Skip to main content
Part of complete coverage from

For Adelson, Koch brothers, buying a politician is good business

By Donna Brazile
April 7, 2014 -- Updated 0434 GMT (1234 HKT)
Casino mogul Sheldon Adelson, seen here in 2008, has pumped millions of dollars into GOP campaigns.
Casino mogul Sheldon Adelson, seen here in 2008, has pumped millions of dollars into GOP campaigns.
STORY HIGHLIGHTS
  • Donna Brazile says billionaires spend money to get politicians who help them
  • Adelson, Koch brothers want politicians who favor lower taxes, she argues
  • Such political spending is legal, thanks to recent Supreme Court rulings, she says

Editor's note: Donna Brazile, a CNN contributor and a Democratic strategist, is vice chairwoman for voter registration and participation at the Democratic National Committee. She is a nationally syndicated columnist, an adjunct professor at Georgetown University and author of "Cooking With Grease: Stirring the Pots in America." She was manager for the Gore-Lieberman presidential campaign in 2000. The opinions expressed in this commentary are solely those of the author.

(CNN) -- Despite Republicans' claims that they're going to shorten the 2016 primary process, the contest is already under way.

At the end of March, potential Republican presidential candidates Chris Christie, Scott Walker and Jeb Bush were among those who rushed to Las Vegas to compete in the first primary for an all-important constituency of one: billionaire casino magnate Sheldon Adelson.

In 2012, Adelson and his wife, Miriam, spent at least $93 million backing Newt Gingrich, Mitt Romney and other Republicans in their effort to defeat President Obama and Democrats at every level. These candidates are all too eager to try to court and please the likes of Adelson, who's trying to buy the White House.

But the problem's not just that Adelson is writing blank checks to the candidates of his choosing. The problem is that Adelson and other super-wealthy Republican donors are directing their largesse to buy elected officials who support policies that benefit their bottom lines at the expense of middle-class American families.

Donna Brazile
Donna Brazile

People like Sheldon Adelson support candidates who are in favor of lowering tax rates for corporations and the super-wealthy -- people like Sheldon Adelson.

But those tax giveaways aren't free. Rep. Paul Ryan's House GOP budget pays for those tax breaks by gutting funding for investments in education and infrastructure, ending Medicare as we know it, and raising taxes on middle-class families with children.

Sheldon Adelson's not alone.

The billionaire brothers Charles and David Koch and their allies have given hundreds of millions of dollars in support of Republican candidates and causes.

And their focus isn't limited to the White House, or even House and Senate seats. They're opening their checkbook to tip the scales in local races in towns and neighborhoods across the country.

Inside Politics: GOP Vegas primary
Jeb, Christie & others courting Adelson

The Washington Post and The New York Times report that the Koch brothers are investing resources in local races, such as county board and small-town mayoral elections. They're exerting their influence in debates over local issues such as property taxes. It's a tall task to stand up to, especially when people like the Kochs are spending with no end in sight.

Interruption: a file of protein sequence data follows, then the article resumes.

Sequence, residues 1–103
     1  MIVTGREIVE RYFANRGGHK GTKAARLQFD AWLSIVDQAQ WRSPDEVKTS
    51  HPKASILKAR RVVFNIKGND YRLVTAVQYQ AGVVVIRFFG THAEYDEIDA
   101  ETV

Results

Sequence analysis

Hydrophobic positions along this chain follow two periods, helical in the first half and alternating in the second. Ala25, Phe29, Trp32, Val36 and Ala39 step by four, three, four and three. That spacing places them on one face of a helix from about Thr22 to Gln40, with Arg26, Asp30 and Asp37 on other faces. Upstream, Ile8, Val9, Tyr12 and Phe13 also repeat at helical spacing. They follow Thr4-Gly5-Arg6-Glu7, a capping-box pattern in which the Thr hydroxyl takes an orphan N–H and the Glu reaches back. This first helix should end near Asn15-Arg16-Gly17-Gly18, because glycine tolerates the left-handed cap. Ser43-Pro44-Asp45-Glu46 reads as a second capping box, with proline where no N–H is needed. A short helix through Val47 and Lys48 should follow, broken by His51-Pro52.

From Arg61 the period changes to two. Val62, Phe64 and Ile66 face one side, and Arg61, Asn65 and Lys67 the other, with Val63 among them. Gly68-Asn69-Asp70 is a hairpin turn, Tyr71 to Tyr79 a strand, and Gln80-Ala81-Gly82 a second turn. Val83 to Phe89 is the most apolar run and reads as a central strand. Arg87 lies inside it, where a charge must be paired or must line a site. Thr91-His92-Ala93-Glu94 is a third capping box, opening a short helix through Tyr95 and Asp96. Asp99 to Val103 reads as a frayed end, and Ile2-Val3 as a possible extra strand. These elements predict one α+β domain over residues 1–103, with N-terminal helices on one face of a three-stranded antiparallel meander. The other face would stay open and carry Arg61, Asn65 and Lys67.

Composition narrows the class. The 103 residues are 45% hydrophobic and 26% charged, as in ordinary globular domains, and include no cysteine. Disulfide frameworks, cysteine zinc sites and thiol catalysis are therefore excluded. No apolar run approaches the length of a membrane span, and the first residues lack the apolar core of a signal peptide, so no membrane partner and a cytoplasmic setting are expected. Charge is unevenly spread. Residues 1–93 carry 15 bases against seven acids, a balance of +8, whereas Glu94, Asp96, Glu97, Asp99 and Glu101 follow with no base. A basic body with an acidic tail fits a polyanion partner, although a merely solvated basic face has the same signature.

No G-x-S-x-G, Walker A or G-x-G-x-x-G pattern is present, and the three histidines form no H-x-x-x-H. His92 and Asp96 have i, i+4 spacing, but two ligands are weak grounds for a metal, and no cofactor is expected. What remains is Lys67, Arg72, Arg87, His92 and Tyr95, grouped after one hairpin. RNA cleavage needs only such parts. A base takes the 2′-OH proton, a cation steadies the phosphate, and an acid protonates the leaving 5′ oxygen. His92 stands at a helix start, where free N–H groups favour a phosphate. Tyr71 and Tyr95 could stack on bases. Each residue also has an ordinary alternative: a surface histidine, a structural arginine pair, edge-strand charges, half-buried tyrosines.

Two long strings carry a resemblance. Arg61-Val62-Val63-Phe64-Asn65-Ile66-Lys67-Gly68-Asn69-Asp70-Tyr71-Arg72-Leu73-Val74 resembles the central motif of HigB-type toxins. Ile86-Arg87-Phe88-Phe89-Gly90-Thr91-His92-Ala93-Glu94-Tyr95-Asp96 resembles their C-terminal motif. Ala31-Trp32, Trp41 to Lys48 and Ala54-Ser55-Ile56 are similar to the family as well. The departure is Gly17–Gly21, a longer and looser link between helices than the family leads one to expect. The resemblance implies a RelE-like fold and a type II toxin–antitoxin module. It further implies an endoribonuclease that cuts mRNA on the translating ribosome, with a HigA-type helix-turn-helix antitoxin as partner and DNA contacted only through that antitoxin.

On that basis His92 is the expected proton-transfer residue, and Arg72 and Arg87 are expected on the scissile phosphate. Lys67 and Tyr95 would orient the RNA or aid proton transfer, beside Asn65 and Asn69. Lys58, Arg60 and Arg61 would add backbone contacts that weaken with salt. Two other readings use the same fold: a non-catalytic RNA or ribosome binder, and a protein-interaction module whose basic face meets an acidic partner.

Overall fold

Even Gingrich, whose 2012 candidacy was kept alive month after month by Adelson, is now turning on his former patron and his ilk:

"Whether it's the Koch brothers or (George) Soros on the left or Sheldon (Adelson)," Gingrich told the National Journal, "if you're going to have an election process that radically favors billionaires and is discriminating against the middle class — which we now have — then billionaires are going to get a lot of attention."

According to a George Washington University Battleground Poll, about half of Americans know who the Koch brothers are. Considering the lengths that they have gone to keep their involvement in local affairs secret, that figure is a victory for watchdogs and government sunshine groups, not to mention Democrats. But it's alarming for anyone disturbed by their ability to exert disproportionate influence with millions of dollars that represent little more than pocket change to them.

The Koch brothers are legally allowed to flood "dark money" into your town, influencing who represents you in Congress or the Senate, or who sits in your mayor's office. They can do so anonymously, thanks to a ruling by the Supreme Court in Citizens United.

And with the court's recent ruling lifting the cap on the number of candidates Adelson, the Kochs and others can give money to, there seems to be little left in their way.

Even though it's only April, the Koch brothers are already breaking spending records. Americans for Prosperity, one of the Kochs' front groups, has spent more than $30 million since last August running ads in at least eight states. According to The New York Times, AFP has more than "200 full-time paid staffers in field offices in at least 32 states."

It's no coincidence that these targets tend to follow Koch Industries' business interests.

In Michigan, Rep. Gary Peters has called attention to the toxic mountain of petroleum coke -- a byproduct of refining oil sands -- that stands in Detroit and is owned by Koch Minerals. Also called petcoke, the substance poses environmental and public health concerns when the dust blows into the air and water.

Peters called out the Koch brothers in a news conference at the restaurant of Jacques Driscoll, who lives near one of the petcoke storage sites in southwest Detroit and said he was fearful for the health of his then-pregnant wife and then-unborn child.

In return for his efforts to represent the well-being and safety of his constituents, Peters's bid for the United States Senate has been targeted with millions of dollars in attack ads from the Kochs and AFP. And like the petcoke, the commercials play dirty.

One such ad featured Julie Boonstra, who has cancer, claiming that she lost her doctor under the Affordable Care Act and that insurance became "unaffordable." A fact check showed that neither claim was true and noted that she even experienced "substantial savings" under the law.